There were so many delicious gospel nuggets in class this week. The two that left me the most flavor blasted were the breakdown of the beatitudes and the quote from C.S. Lewis' "Mere Christianity."
We all know the beatitudes. Blessed are the ____, for they shall ____. Brother Griffin's interpretation goes so much farther than the pretty poetry of the original text. He says that what Christ was teaching us here is step-by-step guide for repenting (or improving any part of our lives, for that matter). Take the first beatitude, for example. "Blessed are the poor in spirit: for theirs is the kingdom of heaven." When we realize that we are poor in spirit, or in other words lacking something, it is only then when we can make the necessary changes to become better.
I love this view of the beatitudes so much. It strengthens my testimony of the Doctrine of Christ knowing that even from His first public sermons, He was teaching about repentance. And when you break it down, repentance is just a fancy word for change.
John The Baptist is one of the coolest characters in the Bible. He knows what he's about, and doesn't let anything get in his way. He never loses sight of his main goals.
From even before John was born, he was testifying of Jesus Christ. Luke 1 says, "41 And it came to pass, that, when Elisabeth heard the salutation of Mary, the babe leaped in her womb; and Elisabeth was filled with the Holy Ghost:"
How cool is that? From womb to tomb, John spent every moment of his life helping people see how amazing the Savior was. He never gave up, he never rested! What a guy. I hope that in my career, future relationships, and positions of influence, I can be like John, and point everyone towards Christ,
Gillette's recent "toxic masculinity" ad has once again sparked a discussion in our country about what it means to be a man. I've read opinions of those in and out of The Church both supporting and attacking the ad and the ideas within. But all the noise got me curious about what Jesus Christ himself taught about being a man, and what our church's official doctrine is. My intent is not to politicize scripture, but just share what I found.
Many feel threatened by the ad, claiming that it is an attack on men in general, and I don't think that was their intent at all. Masculinity can be positive. In the scriptures, The Lord asked his disciples what manner of men they ought to be, and then answered, "Even as I am." What kind of a man was Jesus?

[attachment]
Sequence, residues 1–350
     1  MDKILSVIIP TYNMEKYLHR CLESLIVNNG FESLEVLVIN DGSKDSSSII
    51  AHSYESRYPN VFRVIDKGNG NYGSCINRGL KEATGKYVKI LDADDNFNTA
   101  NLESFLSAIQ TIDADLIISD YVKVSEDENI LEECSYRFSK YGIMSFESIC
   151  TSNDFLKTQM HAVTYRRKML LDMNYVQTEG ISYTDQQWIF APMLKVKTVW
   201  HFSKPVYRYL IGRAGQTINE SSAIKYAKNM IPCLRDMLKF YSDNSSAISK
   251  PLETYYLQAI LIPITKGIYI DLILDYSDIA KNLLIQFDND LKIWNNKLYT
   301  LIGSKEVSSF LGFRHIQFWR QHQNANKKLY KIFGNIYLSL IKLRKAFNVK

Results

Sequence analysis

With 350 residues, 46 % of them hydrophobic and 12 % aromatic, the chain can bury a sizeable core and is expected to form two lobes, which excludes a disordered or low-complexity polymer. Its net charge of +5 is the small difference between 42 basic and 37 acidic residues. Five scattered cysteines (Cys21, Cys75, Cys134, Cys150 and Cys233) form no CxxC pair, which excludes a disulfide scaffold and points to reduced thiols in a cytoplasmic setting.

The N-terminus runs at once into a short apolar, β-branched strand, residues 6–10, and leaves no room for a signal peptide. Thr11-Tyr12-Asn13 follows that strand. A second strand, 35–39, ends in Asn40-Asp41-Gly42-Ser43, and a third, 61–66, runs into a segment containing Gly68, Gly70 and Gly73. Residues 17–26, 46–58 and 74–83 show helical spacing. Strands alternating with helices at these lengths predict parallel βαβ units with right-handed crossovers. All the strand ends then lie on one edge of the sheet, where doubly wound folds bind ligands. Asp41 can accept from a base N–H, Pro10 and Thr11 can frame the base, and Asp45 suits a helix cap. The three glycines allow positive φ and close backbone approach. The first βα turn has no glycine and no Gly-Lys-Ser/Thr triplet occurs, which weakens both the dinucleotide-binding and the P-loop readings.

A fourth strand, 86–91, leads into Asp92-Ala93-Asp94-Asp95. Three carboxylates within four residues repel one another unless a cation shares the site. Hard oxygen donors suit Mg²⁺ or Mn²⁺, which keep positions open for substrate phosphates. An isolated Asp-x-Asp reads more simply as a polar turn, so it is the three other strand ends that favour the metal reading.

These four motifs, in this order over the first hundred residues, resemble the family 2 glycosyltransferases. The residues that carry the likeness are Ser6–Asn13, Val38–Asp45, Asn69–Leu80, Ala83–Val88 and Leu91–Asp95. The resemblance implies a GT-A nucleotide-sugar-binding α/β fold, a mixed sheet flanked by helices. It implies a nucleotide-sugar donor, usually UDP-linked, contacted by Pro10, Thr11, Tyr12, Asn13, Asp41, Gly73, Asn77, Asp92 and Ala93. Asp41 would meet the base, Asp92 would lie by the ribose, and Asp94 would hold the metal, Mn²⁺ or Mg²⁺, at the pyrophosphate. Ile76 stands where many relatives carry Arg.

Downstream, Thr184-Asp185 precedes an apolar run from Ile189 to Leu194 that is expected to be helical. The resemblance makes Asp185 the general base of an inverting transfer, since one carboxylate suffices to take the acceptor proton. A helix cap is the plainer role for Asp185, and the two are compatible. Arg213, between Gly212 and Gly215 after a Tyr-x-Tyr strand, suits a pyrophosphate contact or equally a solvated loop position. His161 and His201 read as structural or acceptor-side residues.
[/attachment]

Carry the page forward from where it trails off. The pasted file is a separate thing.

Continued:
Elder D. Todd Christofferson gave a great talk in October 2006 called "Let Us Be Men." He talks about the Savior's attributes that we, as men, should try to emulate. According to Christofferson, "Jesus rejected temptation. The Savior was obedient. Jesus 'went about doing good.' The Savior was fearless in opposing evil and error."
In the 1999 talk "Behold the Man," first counselor in the presiding bishopric Richard C. Edgley said "I suppose it is natural for us to equate strength, machoism, and maybe even boisterous and aggressive behavior with manhood. However, the attributes of true manhood are not necessarily physical." When we compare the world's view of masculinity with the gospel view of masculinity, it's easy to spot the differences. Gillette's ad encourages men to stand up for others, to not encourage aggression and violence, to speak out against sexual harassment, and to set good examples. Where does that conflict with what the Savior taught?
To close with Elder Christofferson's words, "He gave his life to redeem mankind. Surely we can accept responsibility for those He entrusts to our care. Brethren, let us be men, even as He is."
I read a little thing this week that made me happy, and made me think.
It comes from Isaiah 54:2. Here's what it says:
"Enlarge the place of thy tent, and let them stretch forth the curtains of thine habitations: spare not, lengthen thy cords, and strengthen thy stakes;"
This scripture is often thought of in the context of missionary work. Sharing the gospel to all the world, the growing church, etc. But my mind took it in a different direction this time. I thought more about the change that is going to have to happen in all of our hearts as the church grows.
I imagine this direction to make the tent bigger was given before it was apparent why. Can't you imagine God saying, "Enlarge the place of thy tent!" and the people saying, "Why? It's big enough for everyone already!" Our doctrine states that as the world get closer to the Second Coming of Christ, the church will grow too. That will require a lot of physical and spiritual expansion.
The gospel is meant to encompass everybody. People will (and do) join the church who have very different ideas than me. People will (and do) join the church whose philosophies and politics I dislike. People will (and do) join the church whose personalities grate on me. People of different races and sexual orientations than me will join (and have joined) the church too. And to sum it up, I think what this scripture is saying is "make room."
I'm certainly not arguing that everyone is perfect just the way they are. The core of the gospel is repenting and changing to become better. What I'm saying is, we need to give everyone the space they need to come into the tent and experience Christ for themselves.
Christ's love is big enough to give everyone a chance. Am I?